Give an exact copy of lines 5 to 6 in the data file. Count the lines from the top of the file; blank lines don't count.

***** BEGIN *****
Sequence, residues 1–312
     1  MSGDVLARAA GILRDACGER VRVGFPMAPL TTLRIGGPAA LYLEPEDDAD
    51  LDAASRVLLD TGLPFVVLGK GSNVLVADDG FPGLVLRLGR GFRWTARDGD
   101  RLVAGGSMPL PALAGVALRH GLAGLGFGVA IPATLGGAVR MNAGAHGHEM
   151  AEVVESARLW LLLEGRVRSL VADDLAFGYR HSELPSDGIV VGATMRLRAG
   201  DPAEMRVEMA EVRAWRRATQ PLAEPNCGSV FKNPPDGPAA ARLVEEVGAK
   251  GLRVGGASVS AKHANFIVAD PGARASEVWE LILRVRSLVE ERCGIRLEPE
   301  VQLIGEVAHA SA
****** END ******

   151  AEVVESARLW LLLEGRVRSL VADDLAFGYR HSELPSDGIV VGATMRLRAG
   201  DPAEMRVEMA EVRAWRRATQ PLAEPNCGSV FKNPPDGPAA ARLVEEVGAK